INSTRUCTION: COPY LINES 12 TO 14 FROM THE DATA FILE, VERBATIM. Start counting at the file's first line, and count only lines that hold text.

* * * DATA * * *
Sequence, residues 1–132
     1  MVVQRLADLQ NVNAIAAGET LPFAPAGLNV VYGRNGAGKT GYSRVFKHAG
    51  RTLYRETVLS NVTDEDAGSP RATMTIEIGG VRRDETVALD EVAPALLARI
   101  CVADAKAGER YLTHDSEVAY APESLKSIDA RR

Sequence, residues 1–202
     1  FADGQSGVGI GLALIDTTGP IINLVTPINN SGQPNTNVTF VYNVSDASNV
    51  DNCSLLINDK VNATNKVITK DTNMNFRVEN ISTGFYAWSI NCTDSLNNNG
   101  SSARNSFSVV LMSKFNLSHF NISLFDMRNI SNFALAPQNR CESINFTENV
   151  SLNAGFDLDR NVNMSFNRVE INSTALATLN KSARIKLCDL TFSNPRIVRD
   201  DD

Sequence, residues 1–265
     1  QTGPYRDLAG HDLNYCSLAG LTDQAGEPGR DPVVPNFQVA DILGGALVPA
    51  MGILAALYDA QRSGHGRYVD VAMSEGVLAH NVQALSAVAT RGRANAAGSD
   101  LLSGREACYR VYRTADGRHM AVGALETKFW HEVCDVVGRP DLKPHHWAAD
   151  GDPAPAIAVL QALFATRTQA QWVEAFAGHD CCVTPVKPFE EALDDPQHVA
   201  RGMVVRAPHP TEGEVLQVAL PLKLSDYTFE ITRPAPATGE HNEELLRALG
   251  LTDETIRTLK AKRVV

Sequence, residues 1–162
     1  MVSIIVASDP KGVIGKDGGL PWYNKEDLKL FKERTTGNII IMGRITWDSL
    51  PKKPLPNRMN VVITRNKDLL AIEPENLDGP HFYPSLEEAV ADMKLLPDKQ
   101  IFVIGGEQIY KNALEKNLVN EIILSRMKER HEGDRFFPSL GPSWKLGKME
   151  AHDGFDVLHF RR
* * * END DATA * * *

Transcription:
     1  QTGPYRDLAG HDLNYCSLAG LTDQAGEPGR DPVVPNFQVA DILGGALVPA
    51  MGILAALYDA QRSGHGRYVD VAMSEGVLAH NVQALSAVAT RGRANAAGSD
   101  LLSGREACYR VYRTADGRHM AVGALETKFW HEVCDVVGRP DLKPHHWAAD